Dealing with a Warped Bathroom Floor
I own a 1987 townhouse in Charlotte, N.C., which I bought 2 ½ years ago. The toilet in a half-bath leaked around the wax ring. By the time I spotted it, a small area of the engineered wood around the toilet had warped. But the big problem is that water leaked into the subflooring in the foyer. A flooring contractor suggested I remove the wood in the foyer and bath (230 square feet) and replace it with tile. He said it would be next to impossible to match new wood with old. There is quite a bit of water and we fear the subflooring is starting to deteriorate. Suggestions?
Water leaks often pose real dilemmas because much of the damage is out of sight.
But occasionally we get lucky. A water supply line in our bathroom ruptured a year ago, allowing water to seep under the finish floor in the adjacent bedroom. I'm sure the subfloor was soaked. But it dried out and there's no evidence today of a problem. With the leaky toilet repaired, the subfloor may dry out nicely. Whether it's plywood or oriented strand board, subflooring is designed to withstand a certain amount of moisture during construction.
Now, about your finish floor. Engineered flooring is really a kind of plywood. Layers of wood are glued together to form a plank. As a result, engineered flooring swells and shrinks less than solid wood as its moisture content changes.
Laminate flooring, also a popular flooring choice these days, is another story. It consists of a pressed fiberboard core and a plastic wear layer made to look like wood or some other material. Once the fiberboard gets wet it will begin to swell, and there's not much you can do about that.
Wait a while before deciding. If you have access to the floor below, check for signs of water--a damp spot or, let's hope not, signs of mold. Barring obvious signs the water has done any damage, why not give the floor time to dry out? If the only indication of trouble is a few warped pieces of flooring around the toilet, you may get out of this fairly easily.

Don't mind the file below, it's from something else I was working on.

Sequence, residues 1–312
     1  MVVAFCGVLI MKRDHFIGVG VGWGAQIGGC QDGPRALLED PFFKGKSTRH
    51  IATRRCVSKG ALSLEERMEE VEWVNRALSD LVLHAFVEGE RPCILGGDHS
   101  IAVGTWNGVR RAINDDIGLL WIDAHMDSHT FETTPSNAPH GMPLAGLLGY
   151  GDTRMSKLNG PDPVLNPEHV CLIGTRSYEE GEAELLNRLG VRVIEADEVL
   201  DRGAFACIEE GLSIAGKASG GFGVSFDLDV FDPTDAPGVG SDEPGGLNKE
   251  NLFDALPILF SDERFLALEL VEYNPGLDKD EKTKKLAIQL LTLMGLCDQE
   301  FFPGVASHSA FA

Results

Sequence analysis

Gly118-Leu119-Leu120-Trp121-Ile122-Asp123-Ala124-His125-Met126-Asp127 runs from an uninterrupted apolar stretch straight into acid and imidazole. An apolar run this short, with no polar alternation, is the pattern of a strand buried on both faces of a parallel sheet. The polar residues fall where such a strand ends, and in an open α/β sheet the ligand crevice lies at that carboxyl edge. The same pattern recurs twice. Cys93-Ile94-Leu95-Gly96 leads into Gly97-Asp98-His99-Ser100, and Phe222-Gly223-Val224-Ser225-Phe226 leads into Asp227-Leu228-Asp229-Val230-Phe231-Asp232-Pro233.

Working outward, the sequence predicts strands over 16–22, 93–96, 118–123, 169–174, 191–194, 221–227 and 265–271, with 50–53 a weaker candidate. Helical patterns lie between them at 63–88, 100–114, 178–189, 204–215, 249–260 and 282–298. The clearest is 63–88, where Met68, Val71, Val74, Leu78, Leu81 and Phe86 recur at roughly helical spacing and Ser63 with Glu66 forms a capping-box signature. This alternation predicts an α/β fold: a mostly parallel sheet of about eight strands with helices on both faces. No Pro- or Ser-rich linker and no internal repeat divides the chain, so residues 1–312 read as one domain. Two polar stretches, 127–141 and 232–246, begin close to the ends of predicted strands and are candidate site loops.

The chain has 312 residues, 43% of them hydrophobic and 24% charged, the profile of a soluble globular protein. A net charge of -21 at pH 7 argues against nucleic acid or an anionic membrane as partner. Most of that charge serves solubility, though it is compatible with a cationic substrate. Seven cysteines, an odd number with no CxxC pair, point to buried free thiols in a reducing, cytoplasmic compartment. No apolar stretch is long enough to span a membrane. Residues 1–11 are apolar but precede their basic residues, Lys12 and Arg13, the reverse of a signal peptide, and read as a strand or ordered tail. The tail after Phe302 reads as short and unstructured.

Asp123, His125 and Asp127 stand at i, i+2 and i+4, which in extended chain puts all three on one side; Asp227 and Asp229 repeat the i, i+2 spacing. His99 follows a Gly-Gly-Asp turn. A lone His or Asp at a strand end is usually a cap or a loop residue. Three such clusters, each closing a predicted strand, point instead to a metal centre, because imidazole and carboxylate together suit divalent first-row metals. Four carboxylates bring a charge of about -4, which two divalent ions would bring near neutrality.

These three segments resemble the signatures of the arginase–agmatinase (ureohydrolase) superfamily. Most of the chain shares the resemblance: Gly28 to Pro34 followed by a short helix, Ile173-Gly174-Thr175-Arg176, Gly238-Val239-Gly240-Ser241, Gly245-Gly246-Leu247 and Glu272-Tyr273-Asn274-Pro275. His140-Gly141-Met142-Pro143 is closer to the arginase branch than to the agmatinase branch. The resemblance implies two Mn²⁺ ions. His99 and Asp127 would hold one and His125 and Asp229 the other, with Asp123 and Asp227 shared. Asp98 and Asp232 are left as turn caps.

Your flooring contractor should be able to replace the damaged boards around the toilet. He may be entirely right that new flooring won't match the existing floor exactly. But if that cosmetic flaw isn't too glaring, it seems the simplest and cheapest alternative. A more extensive repair would be to remove all the wood flooring in the bathroom and replace it with tile. This is obviously more expensive but in some ways it's an attractive choice.
No wood likes a lot of water. There's always a risk associated with using wood in a bathroom, even a half-bath without a tub or shower. In the summer, condensation from the toilet tank can stain the floor or even lead to decay. And as you know, toilets occasionally leak.
Tile would be ideal. Whether it's stone or ceramic tile, choices are virtually unlimited. And tile isn't affected by water. You could even install an electric mat under the tile to keep your feet warm in winter. Pulling up the flooring would give you a chance to inspect the subfloor, too.
Of course, your situation becomes entirely different if more flooring in your bathroom and foyer warps or shows other signs of water damage. In that case you may be forced to replace it.
Let's just hope that doesn't happen.
An accomplished woodworker and carpenter, Scott Gibson is the former editor of Fine Woodworking magazine, and a former editor at Today's Homeowner and Fine Homebuilding magazines. He also is former managing editor of the Kennebec Journal, a daily newspaper in Maine.